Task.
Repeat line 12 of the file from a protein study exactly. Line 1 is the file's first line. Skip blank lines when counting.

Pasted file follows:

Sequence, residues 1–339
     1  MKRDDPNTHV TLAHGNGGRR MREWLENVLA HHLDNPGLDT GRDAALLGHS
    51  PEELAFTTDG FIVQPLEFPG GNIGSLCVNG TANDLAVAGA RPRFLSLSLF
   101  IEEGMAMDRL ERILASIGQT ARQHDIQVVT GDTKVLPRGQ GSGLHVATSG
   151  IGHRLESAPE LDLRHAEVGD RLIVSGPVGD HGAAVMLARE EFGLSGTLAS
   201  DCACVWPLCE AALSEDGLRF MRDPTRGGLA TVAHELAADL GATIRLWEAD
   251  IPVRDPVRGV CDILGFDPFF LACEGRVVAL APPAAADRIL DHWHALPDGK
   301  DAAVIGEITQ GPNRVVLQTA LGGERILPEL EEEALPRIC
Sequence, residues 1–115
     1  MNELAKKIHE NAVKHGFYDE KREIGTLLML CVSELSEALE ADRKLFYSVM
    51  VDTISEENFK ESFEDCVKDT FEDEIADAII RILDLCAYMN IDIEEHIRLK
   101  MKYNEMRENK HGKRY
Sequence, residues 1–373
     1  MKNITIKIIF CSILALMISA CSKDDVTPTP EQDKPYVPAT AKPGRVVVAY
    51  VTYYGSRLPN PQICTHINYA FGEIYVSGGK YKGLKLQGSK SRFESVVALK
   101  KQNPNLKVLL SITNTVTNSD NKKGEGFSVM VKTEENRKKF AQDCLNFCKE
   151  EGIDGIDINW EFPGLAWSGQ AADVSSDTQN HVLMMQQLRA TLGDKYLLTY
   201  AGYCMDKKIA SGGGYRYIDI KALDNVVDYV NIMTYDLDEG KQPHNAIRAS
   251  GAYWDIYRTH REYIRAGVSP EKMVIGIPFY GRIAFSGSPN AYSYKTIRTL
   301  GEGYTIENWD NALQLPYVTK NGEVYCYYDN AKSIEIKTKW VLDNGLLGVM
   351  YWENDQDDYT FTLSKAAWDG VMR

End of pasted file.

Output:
   101  MKYNEMRENK HGKRY